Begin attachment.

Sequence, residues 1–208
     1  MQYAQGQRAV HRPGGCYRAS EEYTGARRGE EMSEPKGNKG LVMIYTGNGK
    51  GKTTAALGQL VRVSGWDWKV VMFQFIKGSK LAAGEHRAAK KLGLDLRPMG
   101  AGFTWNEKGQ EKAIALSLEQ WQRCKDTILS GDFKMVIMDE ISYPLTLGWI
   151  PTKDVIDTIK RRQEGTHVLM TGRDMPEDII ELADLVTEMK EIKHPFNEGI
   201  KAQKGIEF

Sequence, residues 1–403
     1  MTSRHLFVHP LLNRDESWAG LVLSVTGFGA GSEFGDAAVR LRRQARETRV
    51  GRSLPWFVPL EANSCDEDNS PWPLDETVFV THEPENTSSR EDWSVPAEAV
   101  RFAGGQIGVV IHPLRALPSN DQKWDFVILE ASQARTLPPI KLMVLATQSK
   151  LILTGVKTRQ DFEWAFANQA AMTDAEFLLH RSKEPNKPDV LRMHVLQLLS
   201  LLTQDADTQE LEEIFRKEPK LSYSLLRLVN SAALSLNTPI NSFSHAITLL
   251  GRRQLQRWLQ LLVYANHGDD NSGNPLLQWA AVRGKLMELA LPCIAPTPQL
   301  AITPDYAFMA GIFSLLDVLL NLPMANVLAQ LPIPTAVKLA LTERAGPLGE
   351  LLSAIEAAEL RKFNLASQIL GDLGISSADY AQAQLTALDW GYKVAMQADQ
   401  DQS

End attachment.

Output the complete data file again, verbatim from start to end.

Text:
Sequence, residues 1–208
     1  MQYAQGQRAV HRPGGCYRAS EEYTGARRGE EMSEPKGNKG LVMIYTGNGK
    51  GKTTAALGQL VRVSGWDWKV VMFQFIKGSK LAAGEHRAAK KLGLDLRPMG
   101  AGFTWNEKGQ EKAIALSLEQ WQRCKDTILS GDFKMVIMDE ISYPLTLGWI
   151  PTKDVIDTIK RRQEGTHVLM TGRDMPEDII ELADLVTEMK EIKHPFNEGI
   201  KAQKGIEF

Sequence, residues 1–403
     1  MTSRHLFVHP LLNRDESWAG LVLSVTGFGA GSEFGDAAVR LRRQARETRV
    51  GRSLPWFVPL EANSCDEDNS PWPLDETVFV THEPENTSSR EDWSVPAEAV
   101  RFAGGQIGVV IHPLRALPSN DQKWDFVILE ASQARTLPPI KLMVLATQSK
   151  LILTGVKTRQ DFEWAFANQA AMTDAEFLLH RSKEPNKPDV LRMHVLQLLS
   201  LLTQDADTQE LEEIFRKEPK LSYSLLRLVN SAALSLNTPI NSFSHAITLL
   251  GRRQLQRWLQ LLVYANHGDD NSGNPLLQWA AVRGKLMELA LPCIAPTPQL
   301  AITPDYAFMA GIFSLLDVLL NLPMANVLAQ LPIPTAVKLA LTERAGPLGE
   351  LLSAIEAAEL RKFNLASQIL GDLGISSADY AQAQLTALDW GYKVAMQADQ
   401  DQS